Writing in the Times-Dispatch today, my friend Noah Sachs highlights a systemic risk in our society: the threat of chemical leaks and spills to our water supply. Last year the release of toxic chemicals into the Elk River disrupted the drinking supply of 300,000 inhabitants of Charleston, W.Va. Closer to home, a Duke Power plant in North Carolina dumped coal ash into the Dan River. And a train derailment in Lynchburg sent three railroad cars into the James River.
“The accidents in 2014 are a stark reminder of the vulnerability of our drinking water, and we can’t fix the problem by imposing new requirements on water systems alone,” writes Sachs, a professor of environmental law at the University of Richmond. “We have to look upstream to the real source of the problem. Industries that store toxic chemicals near our waterways are putting Virginians at risk.”
The threat is real, and I credit Sachs for bringing attention to it. The question is how best to address the risk. Do we, as he suggests, need to impose a new set of regulations? Or are there potential private-sector remedies that could ameliorate the risk at less cost?
Sachs proposes three guiding principles for Virginia regulation:
Businesses that store large volumes of toxic chemicals “should be subject to some public oversight.”
There should be “minimum standards” for construction, inspection and maintenance of chemical storage tanks. Setbacks and secondary containment of requirements should be imposed for tanks near water sources.
Tank owners should prepare public communications and response plans in the event of an incident.
In this day and time, when the Environmental Protection Agency has taken upon itself to rewrite the Clean Air Act in order to regulate carbon dioxide emissions and shut down much of the coal industry, these standards do not sound especially unreasonable or onerous. But that’s hardly the criteria we should use when enacting new regulations. We should also seek to minimize the impact on industry consistent with our obligation to protect the public.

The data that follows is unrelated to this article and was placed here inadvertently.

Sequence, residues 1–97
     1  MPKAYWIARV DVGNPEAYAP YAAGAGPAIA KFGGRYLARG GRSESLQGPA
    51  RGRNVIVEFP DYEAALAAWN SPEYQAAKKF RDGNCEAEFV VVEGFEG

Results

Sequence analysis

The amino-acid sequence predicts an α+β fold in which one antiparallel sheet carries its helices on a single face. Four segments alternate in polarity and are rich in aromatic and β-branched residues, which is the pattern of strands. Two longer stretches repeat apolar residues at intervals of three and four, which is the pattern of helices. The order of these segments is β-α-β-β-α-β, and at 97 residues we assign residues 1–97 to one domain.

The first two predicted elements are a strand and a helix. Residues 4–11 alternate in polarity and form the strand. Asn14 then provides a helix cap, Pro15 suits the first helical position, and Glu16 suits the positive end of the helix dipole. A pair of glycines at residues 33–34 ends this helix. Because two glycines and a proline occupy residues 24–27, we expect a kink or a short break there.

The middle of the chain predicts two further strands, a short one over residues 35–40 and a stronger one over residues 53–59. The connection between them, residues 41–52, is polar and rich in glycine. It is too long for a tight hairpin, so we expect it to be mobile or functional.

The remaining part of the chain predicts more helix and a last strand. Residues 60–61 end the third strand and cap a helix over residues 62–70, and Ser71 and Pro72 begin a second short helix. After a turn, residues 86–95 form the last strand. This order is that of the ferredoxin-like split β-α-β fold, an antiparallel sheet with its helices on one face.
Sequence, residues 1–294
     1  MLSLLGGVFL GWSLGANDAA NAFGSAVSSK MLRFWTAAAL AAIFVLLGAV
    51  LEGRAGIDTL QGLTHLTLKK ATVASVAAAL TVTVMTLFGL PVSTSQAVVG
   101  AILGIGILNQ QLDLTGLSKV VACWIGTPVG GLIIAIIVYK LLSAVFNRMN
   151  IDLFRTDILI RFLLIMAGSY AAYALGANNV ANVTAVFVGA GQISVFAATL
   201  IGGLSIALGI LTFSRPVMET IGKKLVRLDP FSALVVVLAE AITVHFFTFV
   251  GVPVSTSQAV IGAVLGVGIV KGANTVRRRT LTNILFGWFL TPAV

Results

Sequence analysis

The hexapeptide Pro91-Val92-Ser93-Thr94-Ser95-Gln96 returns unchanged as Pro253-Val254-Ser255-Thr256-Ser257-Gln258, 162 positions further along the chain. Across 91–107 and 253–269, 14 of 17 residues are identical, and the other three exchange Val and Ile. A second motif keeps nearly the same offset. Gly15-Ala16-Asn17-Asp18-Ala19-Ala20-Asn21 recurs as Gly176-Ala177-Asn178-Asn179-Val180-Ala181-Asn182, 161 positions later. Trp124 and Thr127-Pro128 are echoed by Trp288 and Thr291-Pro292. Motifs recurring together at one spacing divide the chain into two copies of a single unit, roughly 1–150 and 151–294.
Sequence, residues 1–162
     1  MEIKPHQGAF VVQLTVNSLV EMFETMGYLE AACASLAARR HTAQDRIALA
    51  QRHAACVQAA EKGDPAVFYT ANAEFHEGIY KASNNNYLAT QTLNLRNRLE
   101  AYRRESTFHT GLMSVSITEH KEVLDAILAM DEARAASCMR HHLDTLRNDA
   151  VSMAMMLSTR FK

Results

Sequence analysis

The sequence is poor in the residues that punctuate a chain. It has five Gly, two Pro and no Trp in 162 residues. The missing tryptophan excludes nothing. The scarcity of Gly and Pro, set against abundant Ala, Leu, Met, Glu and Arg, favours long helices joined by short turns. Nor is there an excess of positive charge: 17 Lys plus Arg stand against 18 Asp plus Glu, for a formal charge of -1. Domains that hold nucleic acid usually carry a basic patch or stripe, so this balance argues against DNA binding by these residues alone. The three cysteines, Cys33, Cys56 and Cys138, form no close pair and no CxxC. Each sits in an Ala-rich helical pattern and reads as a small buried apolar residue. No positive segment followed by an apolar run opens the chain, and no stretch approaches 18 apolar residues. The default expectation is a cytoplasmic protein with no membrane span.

The red flag is Sachs’ suggestion that “minimum standards” should apply to everyone. Invariably, there will be instances in which the minimum standards are irrelevant, inappropriate or represent regulatory overkill. The problem is inherent with one-size-fits-all government regulations — they cannot
take all unique circumstances into account.
What alternative is there to regulation? The tort system. Corporations should be held accountable for the harm they cause others. If a company spills chemicals into the water, it should be liable for the cost of the clean-up and compensation to those who suffer harm. Government should impose one rule only: As a condition of storing and transporting toxic chemicals, companies should be required to buy insurance. Insurance companies then would serve the risk-mitigation role. The insurers’ own inspectors would assess the level of risk and premiums would be adjusted accordingly. Companies could buy down those premiums by implementing measures such as those Sachs describes or perhaps by devising other solutions unique to their operations.
Regulators apply standard remedies and discourage innovative approaches, especially in situations when there may be idiosyncratic, site-specific solutions. Instead of telling industry how to do its job, perhaps Virginia should simply tell industry that the commonwealth will hold polluters liable for clean-up and damages — and let industry figure out how best to tackle the challenge.
(This article first ran in Bacon’s Rebellion on January 19, 2015)
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